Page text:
During college, my boyfriend and I (now husband of 9 years!) attended an interracial dating seminar. I called my Dad that weekend and excitedly told him about the seminar. My Dad interrupted me and said, “Wait, why did you go? You’re not in an interracial relationship. He is Taiwanese American and you are Dutch American!”
I explained that while our citizenship may be the same, our experiences and cultures were very different. After a couple specific examples, my dad started to realized more and more what my husband and I were learning about each other!
While there are lots of unique challenges with intercultural relationships, I wanted to first write a post about the ways we’ve found intercultural or interracial marriage to be easier than we expected. Not better or worse than monocultural marriage, just easier. (I’ll next post a post about ways we’ve been challenged!)
**I would love to hear from those of you from intercultural or interracial marriages. Do you relate to our “findings” or have different experiences?**
- We start with the assumption that there will be differences. All relationships have differences between the two partners because everyone is unique. Everyone comes with a unique set of experiences, cultural norms, and ways to relate to the world. In an intercultural or interracial marriage, we just assume we will have differences. We know we grew up very differently so when a disagreement arises we can quickly pinpoint if its a matter of a different approach to something. I’ve seen some friends and family in monocultural relationships assume that the other person has the same approach to an issue as they do. They may have very different ways of looking at an issue but they don’t realize that at the beginning.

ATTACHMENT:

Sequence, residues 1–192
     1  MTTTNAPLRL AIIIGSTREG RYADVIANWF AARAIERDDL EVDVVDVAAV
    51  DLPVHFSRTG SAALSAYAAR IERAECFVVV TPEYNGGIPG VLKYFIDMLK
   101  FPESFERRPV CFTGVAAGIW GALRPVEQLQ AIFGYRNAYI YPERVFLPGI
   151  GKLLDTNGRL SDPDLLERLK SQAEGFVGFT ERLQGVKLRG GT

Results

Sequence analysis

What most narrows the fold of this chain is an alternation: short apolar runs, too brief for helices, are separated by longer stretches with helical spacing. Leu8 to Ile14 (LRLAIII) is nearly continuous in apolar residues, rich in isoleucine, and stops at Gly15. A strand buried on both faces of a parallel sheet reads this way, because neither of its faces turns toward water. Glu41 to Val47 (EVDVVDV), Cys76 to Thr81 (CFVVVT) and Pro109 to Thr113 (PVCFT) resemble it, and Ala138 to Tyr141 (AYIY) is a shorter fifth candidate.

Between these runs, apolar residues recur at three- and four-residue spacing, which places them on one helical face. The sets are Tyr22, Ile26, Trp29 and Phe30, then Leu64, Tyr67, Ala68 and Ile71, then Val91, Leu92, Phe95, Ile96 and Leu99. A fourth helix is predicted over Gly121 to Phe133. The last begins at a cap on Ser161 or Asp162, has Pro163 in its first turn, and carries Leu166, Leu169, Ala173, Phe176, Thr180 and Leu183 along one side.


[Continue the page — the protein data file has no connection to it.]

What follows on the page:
- A wonderful bonus to falling in love with a person from another culture is the joy of learning intimately about their culture. You may have seen this diagram of culture depicted as an iceberg where the visible parts of culture are above the surface (I.e. Language, food, holidays). But the majority of the cultural markers are below the surface such as expectations, family roles, biases, beliefs and assumptions. It’s easier to ask questions in a loving intercultural partnership because you are coming from a place of genuine interest and curiosity.
- There is an openness to try new things and new approaches. Both my husband and I are first born knowitalls. But through our experience in an intercultural marriage, we’ve taken a very open approach to working through issues. For example, my mom is a registered nurse and I never had any experience with traditional Chinese medicine, accupuncture or herbal methods. My husband on the other hand is the opposite, and my MIL will fill capsules with powders from the Chinese herbalist and use medicinal teas before he grabs the Tylenol. If I wasn’t in a relationship with my husband, I don’t think I would ever had found the incredible benefits of TCM. However I still have my medicine cabinet 🙂